Lifting throughout the day

I've been reading about "Greasing the Groove" and I was curious if that could be beneficial to do with all weight lifting.
So, for example, every time I go in my basement, I do a set (or more) of bench press or whenever I go upstairs, I do a set of Lunges. Would that provide the same benefit as doing 30min or so of a non-stop workout? Any input is appreciation.


  • wmweeza
    wmweeza Posts: 319 Member
    I'd be curious about that too
  • age_is_just_a_number
    age_is_just_a_number Posts: 613 Member
    I’m sure you’ll get a variety of responses. I think that you need to do whatever exercise routine that fits into your lifestyle and that you’ll enjoy and make a permanent part of your life. You will only regret the exercise you didn’t do.

    What do you mean by ‘same benefit’?
    The benefit you get from exercise varies and depending on your goals different types of exercise will be more or less beneficial. For example:
    - if your goal is for general health and wellness, then I’m pretty certain whether you do 10x6 or 60x1 of exercise, you’ll achieve similar benefits.
    - if your goal is for endurance ( like you want to run a marathon), then I’m pretty certain doing 10x6 will be less beneficial than 60x1

    If you are just talking about added extra movement into your day, then that is called NEAT (Non-Exercise Activity Thermogenesis (NEAT) is the energy expended for everything we do that does not include sleeping, eating, or exercise; and ranges from simple things like standing and fidgeting to moving about.) There is a thread about ideas and strategies people use to add NEAT into their day. I do things like:
    - go downstairs before going upstairs ( essentially walk two sets of stairs when you only needed to do one to get what you needed)
    - Doing squats, lunges, jumping jacks, etc while waiting for the microwave or kettle
    - Standing on one foot while brushing my teeth

    I haven’t answered your question, but I hope you find my comments helpful. Take care
  • sijomial
    sijomial Posts: 19,813 Member
    Unlikely. The benefit of lifting doesn't just come from volume, volume at the correct intensity matters.
    Would you be lifting at an intensity that forces adaptation if you just walked up and did one set at random times totally cold with no building up to your working set weights?

    The comparison of course would have to be what you do in your 30 minute session. e.g. If you do bodyweight lunges spliting them throughout the day or doing them in a block won't hugely matter but if when you are bench pressing you start low and build up then it would be a very different stimulus doing one off sets at a comfortable weight.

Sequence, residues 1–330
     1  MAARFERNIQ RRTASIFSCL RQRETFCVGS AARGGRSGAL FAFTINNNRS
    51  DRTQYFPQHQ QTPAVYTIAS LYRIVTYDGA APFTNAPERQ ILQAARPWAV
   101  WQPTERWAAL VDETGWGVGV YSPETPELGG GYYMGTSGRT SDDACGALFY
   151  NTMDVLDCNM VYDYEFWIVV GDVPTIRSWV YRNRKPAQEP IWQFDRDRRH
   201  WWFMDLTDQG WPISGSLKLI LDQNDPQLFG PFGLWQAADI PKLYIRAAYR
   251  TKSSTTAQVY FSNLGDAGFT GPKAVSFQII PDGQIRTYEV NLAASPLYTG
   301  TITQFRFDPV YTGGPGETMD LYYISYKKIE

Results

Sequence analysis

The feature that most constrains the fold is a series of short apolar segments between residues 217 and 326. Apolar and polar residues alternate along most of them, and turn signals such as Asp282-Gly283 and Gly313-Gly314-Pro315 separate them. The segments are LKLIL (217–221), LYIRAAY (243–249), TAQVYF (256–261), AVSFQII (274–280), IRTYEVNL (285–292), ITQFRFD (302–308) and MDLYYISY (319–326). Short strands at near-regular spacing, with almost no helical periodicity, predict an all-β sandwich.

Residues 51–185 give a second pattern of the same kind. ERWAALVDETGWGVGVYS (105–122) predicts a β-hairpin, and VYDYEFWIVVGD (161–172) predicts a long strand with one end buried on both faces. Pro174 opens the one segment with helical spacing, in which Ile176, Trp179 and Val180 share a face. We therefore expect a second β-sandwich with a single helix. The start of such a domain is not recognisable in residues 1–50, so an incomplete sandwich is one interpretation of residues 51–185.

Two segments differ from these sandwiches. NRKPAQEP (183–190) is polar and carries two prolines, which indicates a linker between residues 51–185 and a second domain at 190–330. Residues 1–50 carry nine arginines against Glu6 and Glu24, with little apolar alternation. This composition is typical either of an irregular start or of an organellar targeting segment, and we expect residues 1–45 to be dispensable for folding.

• springlering62
    springlering62 Posts: 6,134 Member
    I’m going to say short bursts wouldn’t be anywhere near as effective as longer periods of exercise and might make you more prone to injury if you just suddenly start doing, say, lunges randomly during the day.

    I do yoga, Pilates and weight training. In all of them, there is a warm up period, be it stretching the area you specifically plan to work on, warming up your core, or doing lighter weights to “build up” to heavier ones.

    There’s no way I would attempt a split, an arm balance, a large weighted squat, a medium or max (for me) bench press, or a boomerang without being properly primed to do so.

    Injuries are to easy to come by and can bog you down for months. Why risk it?
  • riffraff2112
    riffraff2112 Posts: 1,757 Member
    I do exactly this at work (I am a high school teacher) when I know I am not going to have time to squeeze in my regular weight training session. I try to duck into the weight room and do one or two quick sets of the exercise shown below. Usually can manage about 8 sets and feel it hits the muscles intensely enough. Clearly this isn't all I ever do, as I love spending time in the gym, but it allows me to keep those muscles pumped and not lose progress when life gets hectic.

    I have 3 different workouts that I can do on these days, essentially
    1. chest pushups (I can do those anywhere, even in my office) intermixed with dumbbell bench press
    2. back - lots of chinups, pullups and occasionally dumbbell rows
    3. shoulder - dumbbell overhead press, upright row, lat raises

    I try to throw in squats into one of these workouts as well. Just body weight usually.